The Great Smoky Mountains National Park is showing its age, but the park service has a fix, parking passes

Officials said the proposed changes come as increased traffic threatens to harm the park.
Parking could soon cost you inside the Great Smoky Mountains National Park.
Published: Apr. 6, 2022 at 10:30 AM EDT|Updated: Apr. 6, 2022 at 12:15 PM EDT
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KNOXVILLE, Tenn. (WVLT) - You may soon have to pay a bit more to enjoy a day in the Great Smoky Mountains National Park. Park officials are considering changing the park’s fee system. Officials said the proposed changes come as increased traffic threatens to harm the park.

If the proposed changes are enacted, existing fees for front-country and back-country campsites, picnic pavilions and day-use cabins will increase. Additionally, officials may enact a park-wide parking fee. The goal of the fees is to cut down on traffic.

“Great Smoky Mountains National Park is at a crossroads,” Superintendent Cassius Cash said. “We’re proud to be the most visited National Park, but it does present challenges due to wear and tear on aging facilities and a strain on park resources and employees. Parking tag sales, at a modest fee, would provide critically needed support to protect and enhance the visitor experience not just for tomorrow, but for generations to come.”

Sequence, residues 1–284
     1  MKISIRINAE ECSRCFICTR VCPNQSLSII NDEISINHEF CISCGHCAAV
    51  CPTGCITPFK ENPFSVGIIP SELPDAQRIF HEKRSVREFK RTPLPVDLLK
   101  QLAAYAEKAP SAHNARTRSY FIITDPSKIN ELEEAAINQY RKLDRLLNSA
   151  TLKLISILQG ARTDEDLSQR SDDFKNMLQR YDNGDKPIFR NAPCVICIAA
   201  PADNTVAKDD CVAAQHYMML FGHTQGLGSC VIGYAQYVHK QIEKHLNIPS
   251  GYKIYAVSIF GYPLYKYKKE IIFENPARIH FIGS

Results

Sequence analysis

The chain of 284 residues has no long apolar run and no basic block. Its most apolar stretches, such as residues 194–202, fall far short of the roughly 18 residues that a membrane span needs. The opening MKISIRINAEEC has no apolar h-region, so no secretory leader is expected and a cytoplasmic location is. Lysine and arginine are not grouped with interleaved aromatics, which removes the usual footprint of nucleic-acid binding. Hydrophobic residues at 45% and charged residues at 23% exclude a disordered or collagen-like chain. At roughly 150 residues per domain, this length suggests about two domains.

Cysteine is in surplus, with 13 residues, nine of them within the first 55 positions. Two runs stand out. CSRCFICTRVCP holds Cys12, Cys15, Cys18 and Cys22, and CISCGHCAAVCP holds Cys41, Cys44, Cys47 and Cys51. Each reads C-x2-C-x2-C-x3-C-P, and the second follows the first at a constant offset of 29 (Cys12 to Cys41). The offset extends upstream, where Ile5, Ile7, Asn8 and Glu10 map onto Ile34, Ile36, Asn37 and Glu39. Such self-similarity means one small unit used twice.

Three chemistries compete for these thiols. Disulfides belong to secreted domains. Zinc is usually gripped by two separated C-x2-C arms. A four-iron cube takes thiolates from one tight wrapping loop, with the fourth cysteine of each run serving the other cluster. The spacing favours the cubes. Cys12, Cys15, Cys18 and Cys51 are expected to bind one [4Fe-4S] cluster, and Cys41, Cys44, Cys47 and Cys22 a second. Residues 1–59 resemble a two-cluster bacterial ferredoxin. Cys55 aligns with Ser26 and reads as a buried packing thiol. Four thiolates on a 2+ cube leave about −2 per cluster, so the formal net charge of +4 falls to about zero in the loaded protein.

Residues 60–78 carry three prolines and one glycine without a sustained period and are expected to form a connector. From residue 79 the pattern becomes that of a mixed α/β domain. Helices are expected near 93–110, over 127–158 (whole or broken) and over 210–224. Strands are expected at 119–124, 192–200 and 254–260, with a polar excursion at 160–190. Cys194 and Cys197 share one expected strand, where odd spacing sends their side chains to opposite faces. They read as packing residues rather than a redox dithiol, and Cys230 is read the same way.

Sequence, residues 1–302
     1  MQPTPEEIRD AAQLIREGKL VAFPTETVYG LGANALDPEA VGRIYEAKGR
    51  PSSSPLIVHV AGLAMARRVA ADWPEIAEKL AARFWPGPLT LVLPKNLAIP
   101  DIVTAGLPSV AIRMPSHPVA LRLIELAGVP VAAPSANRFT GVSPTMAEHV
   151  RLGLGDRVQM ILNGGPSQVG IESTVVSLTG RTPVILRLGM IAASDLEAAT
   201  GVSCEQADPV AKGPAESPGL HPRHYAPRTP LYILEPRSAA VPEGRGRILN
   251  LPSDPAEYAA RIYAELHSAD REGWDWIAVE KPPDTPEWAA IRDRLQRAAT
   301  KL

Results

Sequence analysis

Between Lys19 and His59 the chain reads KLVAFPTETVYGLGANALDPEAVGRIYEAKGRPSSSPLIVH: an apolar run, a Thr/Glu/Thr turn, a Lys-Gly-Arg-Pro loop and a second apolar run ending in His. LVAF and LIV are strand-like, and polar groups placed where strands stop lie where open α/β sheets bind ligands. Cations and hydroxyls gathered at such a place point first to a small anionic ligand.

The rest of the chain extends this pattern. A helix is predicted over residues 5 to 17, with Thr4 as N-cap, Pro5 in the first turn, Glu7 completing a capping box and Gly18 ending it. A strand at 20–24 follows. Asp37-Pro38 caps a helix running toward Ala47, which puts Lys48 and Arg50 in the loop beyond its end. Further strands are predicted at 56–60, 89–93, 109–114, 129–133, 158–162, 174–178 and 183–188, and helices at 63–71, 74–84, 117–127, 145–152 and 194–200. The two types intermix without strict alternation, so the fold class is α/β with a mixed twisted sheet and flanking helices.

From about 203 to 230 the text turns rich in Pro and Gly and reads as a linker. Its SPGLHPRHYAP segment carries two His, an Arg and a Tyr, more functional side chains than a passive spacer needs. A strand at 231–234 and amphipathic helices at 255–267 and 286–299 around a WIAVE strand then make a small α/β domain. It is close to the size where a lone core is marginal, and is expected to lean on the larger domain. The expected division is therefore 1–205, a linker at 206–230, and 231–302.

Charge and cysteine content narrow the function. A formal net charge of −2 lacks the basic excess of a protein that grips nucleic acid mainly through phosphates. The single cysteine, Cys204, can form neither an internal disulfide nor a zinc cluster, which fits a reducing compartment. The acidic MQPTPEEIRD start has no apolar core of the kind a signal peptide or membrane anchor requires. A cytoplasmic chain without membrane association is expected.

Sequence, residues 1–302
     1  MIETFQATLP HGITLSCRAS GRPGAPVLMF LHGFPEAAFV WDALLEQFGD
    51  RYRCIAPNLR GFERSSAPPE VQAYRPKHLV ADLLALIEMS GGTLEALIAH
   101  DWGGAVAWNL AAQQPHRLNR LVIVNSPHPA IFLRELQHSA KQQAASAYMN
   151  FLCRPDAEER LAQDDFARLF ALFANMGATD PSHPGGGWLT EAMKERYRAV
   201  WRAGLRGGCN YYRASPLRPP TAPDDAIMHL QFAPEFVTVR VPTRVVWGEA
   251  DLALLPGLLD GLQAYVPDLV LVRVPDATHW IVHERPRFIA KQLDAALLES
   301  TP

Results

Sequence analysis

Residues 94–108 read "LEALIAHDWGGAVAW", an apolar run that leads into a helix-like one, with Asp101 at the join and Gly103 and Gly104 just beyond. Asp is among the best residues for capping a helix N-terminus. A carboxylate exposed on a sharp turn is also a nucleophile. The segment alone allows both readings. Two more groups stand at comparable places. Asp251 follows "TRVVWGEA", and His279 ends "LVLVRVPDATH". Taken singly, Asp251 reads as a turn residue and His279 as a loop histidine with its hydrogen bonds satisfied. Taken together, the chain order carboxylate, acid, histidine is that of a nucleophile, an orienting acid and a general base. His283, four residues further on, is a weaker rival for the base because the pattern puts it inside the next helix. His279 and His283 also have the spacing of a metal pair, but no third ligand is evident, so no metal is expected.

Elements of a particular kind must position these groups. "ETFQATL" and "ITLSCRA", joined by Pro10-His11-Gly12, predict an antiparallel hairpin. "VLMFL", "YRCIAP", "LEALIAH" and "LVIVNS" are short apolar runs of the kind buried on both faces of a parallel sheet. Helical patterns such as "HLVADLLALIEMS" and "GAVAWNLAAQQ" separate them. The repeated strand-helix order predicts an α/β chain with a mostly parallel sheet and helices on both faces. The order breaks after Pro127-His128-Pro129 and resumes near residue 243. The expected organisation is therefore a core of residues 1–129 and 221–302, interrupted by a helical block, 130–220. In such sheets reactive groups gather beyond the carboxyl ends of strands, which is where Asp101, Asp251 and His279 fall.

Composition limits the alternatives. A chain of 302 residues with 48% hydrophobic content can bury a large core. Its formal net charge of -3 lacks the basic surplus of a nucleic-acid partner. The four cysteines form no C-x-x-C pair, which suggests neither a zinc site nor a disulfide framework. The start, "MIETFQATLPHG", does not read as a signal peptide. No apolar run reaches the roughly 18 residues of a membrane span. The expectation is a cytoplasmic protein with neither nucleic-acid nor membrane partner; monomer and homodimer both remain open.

Over the last decade, park visitation increased by 57% to a record 14.1 million visits in 2021. The proposed changes are aimed at keeping up with the wear and tear that comes with more visitors.

Officials are proposing that visitors pay for a park-wide parking pass. The passes would cost $5 a day, $15 for a week or $40 a year. Officials with the park said these prices are already lower than National Parks that already charge for parking; they say the average cost for those parks is $9 per day or $50 per year. Under the parking pass system, parking would still be first-come, first-serve, however officials would eliminate unofficial roadside parking. These changes would help protect resources, improve safety and help with traffic, they said.

Back-country camping fees would increase from $4 a night to $8 a night under the new system, with a maximum of $40 per camper. Front-country sites would now run $30 a night for primitive spaces and $36 a night for sites with electrical hookups.

Officials are asking the public for input on these decisions. You can let GSMNP officials know what you think via a virtual public meeting by logging in here on April 14 from 5 p.m. to 6 p.m. You can also leave an online comment by visiting this website.

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